An Analysis on Conflict Issues in Debtor Representation - ABA YLD 101 Practice Series

By Edward L. Schnitzer & Anting J. Wang

As opposed to the standard two-party plaintiff-defendant model which is commonly encountered in commercial litigation, bankruptcy cases involve a wide array of parties with diverse interests that may coincide and yet diverge in the same matter.  If an attorney should be so fortunate as to be selected for representation by multiple parties in a bankruptcy proceeding, then that practitioner might face difficult questions when evaluating potential conflicts of interests or ethical issues that arise.  In some cases, the representation may be challenged in a longitudinal manner, in which the attorney’s past representations may conflict with the issues at hand.  In other cases, representation may be challenged in a latitudinal manner, in which current conflicts may or may not bar a potential representation. 

In general, courts utilize a totality of circumstances approach when evaluating potential simultaneous representations.  Factors which may be considered include the relationship between the parties; the extent of the parties’ interactions; the size of the debt at issue; and the appearance of impropriety as considered within the context of the Model Rules of Professional Conduct and relevant provisions of the Bankruptcy Code (the “Code”).  Part One of this article provides an analysis of the law governing debtor representation and sets forth two representative scenarios.  Part Two focuses primarily on issues pertaining to creditor and creditors’ committee representation. 

GOVERNING LAW
Representation as debtors’ counsel in bankruptcy proceedings is chiefly governed by Section 327(a) of the Code.  The section provides in relevant part:

Except as otherwise provided in this section, the trustee, with the court’s approval, may employ one or more attorneys … that do not hold or represent an interest adverse to the estate, and that are disinterested persons, to represent or assist the trustee in carrying out the trustee’s duties under this title.

11 U.S.C. § 327(a) (2008).  The requirements of the section apply equally to a debtor in possession by virtue of section 1107 of the Code.  See 3 Collier on Bankruptcy § 327.02 (15th ed. 1994).

Section 327(a) appears to impose two requirements on a trustee or debtor in possession seeking to employ counsel: (i) that the attorney does not hold or represent an interest adverse to the estate, and (ii) that the attorney is disinterested.  The word “disinterested” is a term of art, defined in section 101(14) of the Code as, among other things, not having “an interest materially adverse to the interest of the estate . . . .”  11 U.S.C. § 101(14) (2008).  Thus, the First Circuit has noted that “the twin requirements of disinterestedness and lack of adversity telescope into a single hallmark.”  In re Martin, 817 F.2d 175, 181 (1st Cir. 1987); see also In re BH & P, Inc., 949 F.2d 1300, 1314 (3d Cir. 1991).

However, neither of the aforementioned two prongs are well-defined nor does there appear to be any golden rule to determine whether an impermissible conflict exists.  Instead, courts may focus on the individual facts of each case when faced with a conflict.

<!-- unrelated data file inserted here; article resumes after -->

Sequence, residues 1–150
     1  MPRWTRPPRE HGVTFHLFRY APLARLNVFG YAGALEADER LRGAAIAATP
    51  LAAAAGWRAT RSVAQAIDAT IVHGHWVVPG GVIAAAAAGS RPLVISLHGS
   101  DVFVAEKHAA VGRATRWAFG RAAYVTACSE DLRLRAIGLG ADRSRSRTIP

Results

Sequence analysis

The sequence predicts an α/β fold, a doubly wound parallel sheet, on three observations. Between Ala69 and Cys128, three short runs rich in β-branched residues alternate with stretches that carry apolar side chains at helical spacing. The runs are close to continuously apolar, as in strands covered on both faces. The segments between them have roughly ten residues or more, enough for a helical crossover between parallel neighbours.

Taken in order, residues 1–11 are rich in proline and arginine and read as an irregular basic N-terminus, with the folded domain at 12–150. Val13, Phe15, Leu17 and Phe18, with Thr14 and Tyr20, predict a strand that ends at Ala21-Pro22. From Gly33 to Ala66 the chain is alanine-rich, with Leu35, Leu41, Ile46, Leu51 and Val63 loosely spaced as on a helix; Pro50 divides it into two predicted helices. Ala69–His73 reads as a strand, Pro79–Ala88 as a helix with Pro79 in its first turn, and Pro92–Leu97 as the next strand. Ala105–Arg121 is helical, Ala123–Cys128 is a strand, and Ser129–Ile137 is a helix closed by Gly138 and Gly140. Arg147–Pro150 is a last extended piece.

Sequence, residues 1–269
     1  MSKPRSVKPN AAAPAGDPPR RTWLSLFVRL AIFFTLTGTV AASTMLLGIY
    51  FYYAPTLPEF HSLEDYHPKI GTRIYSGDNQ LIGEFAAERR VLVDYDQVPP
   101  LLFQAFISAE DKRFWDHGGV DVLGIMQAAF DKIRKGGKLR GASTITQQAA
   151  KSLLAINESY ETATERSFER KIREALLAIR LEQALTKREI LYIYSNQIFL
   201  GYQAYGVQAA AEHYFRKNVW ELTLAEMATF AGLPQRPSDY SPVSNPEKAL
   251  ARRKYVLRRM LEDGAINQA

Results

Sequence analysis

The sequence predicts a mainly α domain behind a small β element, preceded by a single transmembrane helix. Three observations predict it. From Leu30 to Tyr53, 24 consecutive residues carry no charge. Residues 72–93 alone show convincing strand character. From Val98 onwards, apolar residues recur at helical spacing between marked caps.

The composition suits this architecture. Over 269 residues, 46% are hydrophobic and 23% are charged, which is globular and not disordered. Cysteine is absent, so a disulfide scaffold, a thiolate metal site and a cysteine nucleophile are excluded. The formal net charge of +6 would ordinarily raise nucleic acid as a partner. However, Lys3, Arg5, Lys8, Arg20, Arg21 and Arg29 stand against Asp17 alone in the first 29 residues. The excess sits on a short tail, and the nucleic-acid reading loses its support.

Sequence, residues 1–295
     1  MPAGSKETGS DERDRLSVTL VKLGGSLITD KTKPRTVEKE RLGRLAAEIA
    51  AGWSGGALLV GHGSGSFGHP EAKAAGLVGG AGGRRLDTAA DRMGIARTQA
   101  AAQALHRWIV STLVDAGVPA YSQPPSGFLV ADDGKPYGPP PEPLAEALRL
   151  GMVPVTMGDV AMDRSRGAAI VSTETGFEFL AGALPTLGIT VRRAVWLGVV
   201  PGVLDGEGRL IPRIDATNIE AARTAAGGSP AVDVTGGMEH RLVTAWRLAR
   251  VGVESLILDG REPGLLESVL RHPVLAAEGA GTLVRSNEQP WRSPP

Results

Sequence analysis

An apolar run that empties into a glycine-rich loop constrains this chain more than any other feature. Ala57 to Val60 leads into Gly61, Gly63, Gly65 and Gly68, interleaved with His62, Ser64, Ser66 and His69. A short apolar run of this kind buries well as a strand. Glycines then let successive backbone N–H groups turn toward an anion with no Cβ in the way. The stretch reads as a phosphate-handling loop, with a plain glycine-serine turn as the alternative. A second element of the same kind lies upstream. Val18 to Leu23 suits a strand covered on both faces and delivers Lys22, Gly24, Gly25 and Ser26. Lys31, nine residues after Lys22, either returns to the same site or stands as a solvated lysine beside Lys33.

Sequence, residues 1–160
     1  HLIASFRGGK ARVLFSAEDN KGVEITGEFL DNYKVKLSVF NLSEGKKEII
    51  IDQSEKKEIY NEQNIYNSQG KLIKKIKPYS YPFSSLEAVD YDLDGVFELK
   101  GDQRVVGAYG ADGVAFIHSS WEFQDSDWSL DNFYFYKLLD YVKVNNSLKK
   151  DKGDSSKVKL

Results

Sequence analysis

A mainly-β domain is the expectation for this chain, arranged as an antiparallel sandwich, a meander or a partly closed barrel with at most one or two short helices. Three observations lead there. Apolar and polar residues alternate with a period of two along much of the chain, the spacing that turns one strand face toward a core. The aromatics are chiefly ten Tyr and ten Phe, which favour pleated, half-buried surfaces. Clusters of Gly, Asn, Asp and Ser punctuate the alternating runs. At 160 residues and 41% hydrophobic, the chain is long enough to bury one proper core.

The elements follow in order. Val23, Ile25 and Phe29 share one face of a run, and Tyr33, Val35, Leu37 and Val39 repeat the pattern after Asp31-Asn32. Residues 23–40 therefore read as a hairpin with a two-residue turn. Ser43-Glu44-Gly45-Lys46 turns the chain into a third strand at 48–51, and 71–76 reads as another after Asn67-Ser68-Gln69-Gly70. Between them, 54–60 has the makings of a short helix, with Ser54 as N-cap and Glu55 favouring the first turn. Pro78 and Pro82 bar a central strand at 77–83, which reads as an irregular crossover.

1. The Totality Of The Circumstances
    Courts generally evaluate each circumstance on a case-by-case basis, adopting a wide-screen view of the facts underlying a hypothetical conflict.  Considerations include the nature of disclosure of the conflict made at the time of appointment; whether the interests of the related estates are parallel or conflicting; and the nature of the inter-debtor claims made.  In re BH & P Inc., 949 F.2d 1300, 1316 (3d Cir. 1991).  Other factors may include the existence of interlocking interests between the parties; the size of the debt at issue; the existence of inter-party guarantees; and whether assets are collateralized discretely or across various asset categories.  In re Amdura Corp., 121 B.R. 862, 867 (Bankr. D. Colo. 1990).

    In general, courts favor the totality approach over an alternative method which distinguishes between actual and potential conflicts.  This is because the difference between present and hypothetical conflicts may be semantic as well as problematic to apply in real-time.  See In re Angelika Films 57th, 227 B.R. 29, 39 (Bankr. S.D.N.Y. 1998) (“The distinction between ‘potential’ and ‘hypothetical’ conflicts merely confuses the analysis, and several courts have rejected it as artificial.”); In re Kendavis Indus. Int’l, Inc., 91 B.R. 742 (Bankr. N.D. Tex. 1988) (finding that the concept of potential conflicts is a contradiction; once there is a conflict, it is actual, not potential).  These courts instead focus on the facts of each case to determine whether an attorney has an adverse interest without limiting labels.  See, e.g., In re Leslie Fay Cos., 175 B.R. 525, 532-33 (Bankr. S.D.N.Y. 1994) (rejecting the actual/potential dichotomy and observing that courts should focus on the facts of a case when reviewing retention applications). 

    However, some courts still utilize the actual/potential paradigm and it may be necessary to frame your argument in these terms.  See In re Jade Mgmt. Serv., No. 09-2800, 2010 U.S. App. LEXIS 14125 (3d Cir. May 4, 2010) (focus of inquiry is whether there is an actual conflict of interest); In re McKinney Ranch Assocs., 62 B.R. 249, 255 (Bankr. C.D. Cal. 1986) (remote potential conflict should not result in disqualification).  Additionally, other opinions appear to discuss both models in their opinions and/or to conflate the two standards.  See In re Hoffman, 53 B.R. 564, 566 (Bankr. W.D. Ark. 1985) (“Whether … an actual disqualifying conflict exists must be considered in light of the particular facts of each case.”).  Accordingly, it is prudent to research the individual holdings of your judge and potentially present arguments under both paradigms when making a case for simultaneous representation.

REPRESENTATIVE CONFLICTS